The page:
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Time is running short for a former American League MVP to pack up the U-Haul truck and head to California. The problem is that the destination is unknown while the Los Angeles Dodgers and San Diego Padres wait to see who blinks first.

The Padres seem to be the more motivated of the two to make a deal based on a greater need for help at the plate and in the field, but the Dodgers have more to offer. Meanwhile, the clock keeps ticking and Mookie Betts still doesn’t know where he’ll play in the 2020 Major League Baseball season.

Mookie Betts is too expensive for Boston’s taste

What motivates a team to give up on a 27-year-old veteran of six big-league seasons whose 29 home runs and .295 batting average in 2019 were consistent with his previous production? It’s money on a couple of fronts.

Mookie Betts made $20 million a season ago and is scheduled to make $27 million next season, which is manageable for large-market teams in a sport flush with TV and sponsorship money. The first problem the Red Sox face is that Betts, the AL Most Valuable Player in 2018, is a solid season away from being able to command six or seven seasons in excess of $35 million per year.

Given that he’s heading into his contract year, Betts will be motivated to put up numbers that he might not approach again while enjoying the security of guaranteed money. It’s a potential albatross that worries any general manager about to hand over big money.

The more immediate issue for the Red Sox front office is the Competitive Balance Tax, otherwise known as the luxury tax. The Red Sox would love to dip below the $208 million penalty threshold for the upcoming season but are on pace to spend in the vicinity of $225 million. As repeat offenders, their potential penalty could reach eight figures and subject them to bigger subsequent taxes in the future.

Mookie Betts to San Diego makes sense

The Padres are coming off nine consecutive losing seasons but look to be pointed in the right direction. Adding Mookie Betts would go a long way toward becoming contenders, but they understandably want to offload a problem salary or two of their own given that they’ll have to lock Betts into a contract.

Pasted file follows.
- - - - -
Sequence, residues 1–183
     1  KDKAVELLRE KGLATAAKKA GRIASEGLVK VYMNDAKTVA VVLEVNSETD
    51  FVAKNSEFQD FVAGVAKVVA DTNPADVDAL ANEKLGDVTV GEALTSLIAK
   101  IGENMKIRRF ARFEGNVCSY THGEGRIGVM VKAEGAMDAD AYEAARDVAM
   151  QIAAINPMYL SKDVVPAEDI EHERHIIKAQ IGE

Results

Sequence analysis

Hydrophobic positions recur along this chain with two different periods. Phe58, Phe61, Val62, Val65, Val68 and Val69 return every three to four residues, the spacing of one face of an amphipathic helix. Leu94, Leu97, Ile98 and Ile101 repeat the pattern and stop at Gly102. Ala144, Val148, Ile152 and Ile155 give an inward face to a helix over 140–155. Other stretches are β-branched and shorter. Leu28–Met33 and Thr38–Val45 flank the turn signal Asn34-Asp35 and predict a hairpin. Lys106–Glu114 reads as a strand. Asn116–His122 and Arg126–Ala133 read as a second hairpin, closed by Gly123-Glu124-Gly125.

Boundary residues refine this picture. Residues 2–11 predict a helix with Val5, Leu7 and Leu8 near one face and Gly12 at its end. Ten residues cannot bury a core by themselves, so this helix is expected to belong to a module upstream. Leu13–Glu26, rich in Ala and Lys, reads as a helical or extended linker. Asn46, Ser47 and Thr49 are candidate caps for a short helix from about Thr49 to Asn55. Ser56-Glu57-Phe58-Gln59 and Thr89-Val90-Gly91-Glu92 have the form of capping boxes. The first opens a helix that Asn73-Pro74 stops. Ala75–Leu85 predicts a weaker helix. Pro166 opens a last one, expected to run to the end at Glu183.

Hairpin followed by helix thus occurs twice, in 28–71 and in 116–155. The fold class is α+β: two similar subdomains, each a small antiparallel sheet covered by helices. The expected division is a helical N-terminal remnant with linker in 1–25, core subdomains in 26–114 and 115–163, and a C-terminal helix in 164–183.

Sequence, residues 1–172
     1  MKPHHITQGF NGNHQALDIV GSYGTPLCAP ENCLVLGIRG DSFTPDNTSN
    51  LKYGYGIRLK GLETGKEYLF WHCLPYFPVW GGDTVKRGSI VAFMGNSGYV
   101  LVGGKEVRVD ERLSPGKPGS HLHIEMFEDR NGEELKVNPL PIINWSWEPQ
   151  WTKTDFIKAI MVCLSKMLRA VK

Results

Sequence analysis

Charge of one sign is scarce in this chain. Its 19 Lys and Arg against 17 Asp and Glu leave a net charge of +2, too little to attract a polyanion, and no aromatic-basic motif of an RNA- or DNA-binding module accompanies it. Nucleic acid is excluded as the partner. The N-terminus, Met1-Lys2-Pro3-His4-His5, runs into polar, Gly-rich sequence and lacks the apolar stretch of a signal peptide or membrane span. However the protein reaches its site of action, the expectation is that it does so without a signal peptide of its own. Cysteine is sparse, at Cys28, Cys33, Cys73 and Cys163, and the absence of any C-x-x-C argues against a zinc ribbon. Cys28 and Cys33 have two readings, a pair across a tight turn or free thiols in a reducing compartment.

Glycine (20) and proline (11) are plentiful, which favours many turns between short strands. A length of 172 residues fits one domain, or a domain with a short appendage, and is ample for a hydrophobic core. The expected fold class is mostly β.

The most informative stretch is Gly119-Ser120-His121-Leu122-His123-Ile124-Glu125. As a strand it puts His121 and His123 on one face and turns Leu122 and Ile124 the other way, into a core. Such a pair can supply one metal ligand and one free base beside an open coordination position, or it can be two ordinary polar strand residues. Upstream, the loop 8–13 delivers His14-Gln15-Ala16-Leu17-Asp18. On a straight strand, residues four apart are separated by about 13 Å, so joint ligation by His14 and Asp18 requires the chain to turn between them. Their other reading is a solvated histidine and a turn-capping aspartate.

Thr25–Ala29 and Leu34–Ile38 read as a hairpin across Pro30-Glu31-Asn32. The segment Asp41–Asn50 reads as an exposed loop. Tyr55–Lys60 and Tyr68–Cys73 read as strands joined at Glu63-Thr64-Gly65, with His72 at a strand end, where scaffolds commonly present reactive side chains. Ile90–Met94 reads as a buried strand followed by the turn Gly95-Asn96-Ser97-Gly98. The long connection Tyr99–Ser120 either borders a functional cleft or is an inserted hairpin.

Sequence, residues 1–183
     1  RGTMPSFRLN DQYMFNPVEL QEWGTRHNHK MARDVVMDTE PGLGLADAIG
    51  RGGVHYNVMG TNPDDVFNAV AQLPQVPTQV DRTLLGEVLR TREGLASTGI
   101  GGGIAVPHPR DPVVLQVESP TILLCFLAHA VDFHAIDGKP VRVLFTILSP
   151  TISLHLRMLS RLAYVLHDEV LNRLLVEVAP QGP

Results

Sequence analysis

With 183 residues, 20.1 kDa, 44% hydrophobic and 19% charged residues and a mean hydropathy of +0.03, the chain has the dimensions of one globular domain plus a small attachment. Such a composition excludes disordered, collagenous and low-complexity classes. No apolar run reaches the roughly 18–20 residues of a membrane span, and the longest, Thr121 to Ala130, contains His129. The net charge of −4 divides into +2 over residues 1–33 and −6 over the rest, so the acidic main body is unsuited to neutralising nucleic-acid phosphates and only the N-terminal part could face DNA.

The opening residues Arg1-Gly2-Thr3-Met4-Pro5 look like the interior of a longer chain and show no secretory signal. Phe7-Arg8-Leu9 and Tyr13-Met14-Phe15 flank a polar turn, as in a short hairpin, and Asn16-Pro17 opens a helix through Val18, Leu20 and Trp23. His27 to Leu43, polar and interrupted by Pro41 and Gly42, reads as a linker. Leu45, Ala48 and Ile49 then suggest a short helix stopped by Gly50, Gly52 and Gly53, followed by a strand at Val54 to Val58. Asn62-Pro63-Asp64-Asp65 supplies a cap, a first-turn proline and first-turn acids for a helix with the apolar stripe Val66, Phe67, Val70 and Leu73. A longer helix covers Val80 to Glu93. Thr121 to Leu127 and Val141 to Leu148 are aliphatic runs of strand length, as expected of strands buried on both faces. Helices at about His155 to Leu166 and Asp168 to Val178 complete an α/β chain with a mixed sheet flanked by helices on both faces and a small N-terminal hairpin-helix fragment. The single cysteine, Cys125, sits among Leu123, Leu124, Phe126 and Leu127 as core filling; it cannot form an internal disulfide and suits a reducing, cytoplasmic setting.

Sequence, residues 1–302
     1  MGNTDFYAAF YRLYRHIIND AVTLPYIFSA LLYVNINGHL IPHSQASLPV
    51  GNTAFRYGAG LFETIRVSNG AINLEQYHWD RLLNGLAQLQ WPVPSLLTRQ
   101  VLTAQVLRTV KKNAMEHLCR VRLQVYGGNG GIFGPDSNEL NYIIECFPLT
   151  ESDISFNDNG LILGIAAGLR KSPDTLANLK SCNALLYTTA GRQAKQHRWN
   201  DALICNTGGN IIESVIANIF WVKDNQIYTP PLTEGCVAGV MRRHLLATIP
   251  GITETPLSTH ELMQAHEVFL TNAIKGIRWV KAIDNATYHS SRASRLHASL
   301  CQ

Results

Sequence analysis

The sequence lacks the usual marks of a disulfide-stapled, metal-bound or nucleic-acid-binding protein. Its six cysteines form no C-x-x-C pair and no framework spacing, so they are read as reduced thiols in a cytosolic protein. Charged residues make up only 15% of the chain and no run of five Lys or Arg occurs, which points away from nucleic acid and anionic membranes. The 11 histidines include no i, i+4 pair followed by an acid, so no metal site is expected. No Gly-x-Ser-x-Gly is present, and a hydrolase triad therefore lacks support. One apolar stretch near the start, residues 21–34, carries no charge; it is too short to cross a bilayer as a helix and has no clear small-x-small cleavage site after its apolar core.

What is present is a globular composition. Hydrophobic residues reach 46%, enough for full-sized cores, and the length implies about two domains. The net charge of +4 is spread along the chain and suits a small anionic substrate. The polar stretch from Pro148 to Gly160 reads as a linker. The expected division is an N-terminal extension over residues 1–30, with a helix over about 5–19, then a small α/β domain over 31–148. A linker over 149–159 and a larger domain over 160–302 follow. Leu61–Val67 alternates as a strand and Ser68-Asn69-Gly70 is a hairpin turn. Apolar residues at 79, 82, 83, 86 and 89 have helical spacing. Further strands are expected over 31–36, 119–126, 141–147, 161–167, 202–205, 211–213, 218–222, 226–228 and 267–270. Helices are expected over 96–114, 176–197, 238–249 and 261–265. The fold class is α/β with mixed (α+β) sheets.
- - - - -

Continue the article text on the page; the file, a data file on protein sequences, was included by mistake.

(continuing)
The speculation this month has had former NL Rookie of the Year Wil Myers and the remaining $60 million on a contract that runs through 2022 being bundled with a couple of prospects. Myers, who doesn’t hit for power or average, would only count for a more manageable $14 million against the payroll for the Red Sox.

If the Padres throw in enough cash, Boston could put up with Myers in the short term, escape the luxury tax and presumably eventually benefit from the prospects they acquire from San Diego’s strong farm system.

Mookie Betts is the perfect fit for the Dodgers

The Dodgers possess a strong roster but understand Mookie Betts is the piece that could put them over the top after two unsuccessful World Series appearances and five other trips to the postseason in the past seven years.

Knowing that the Dodgers aren’t in payroll tax territory, the Red Sox would like to offload pitcher David Price in a trade involving Betts. Los Angeles might bite on taking on $96 million over three years for a pitcher averaging just 23 starts a season the past six years (their own Clayton Kershaw hasn’t made more than 28 starts since 2015), but the question is whether Boston will throw in some money in return for a better haul of prospects.

Slicing $59 million from the payroll in one transaction would take some of the sting out of surrendering one of the best outfielders in the sport. The Red Sox just have to decide which trade option gets them back into contention with the New York Yankees sooner.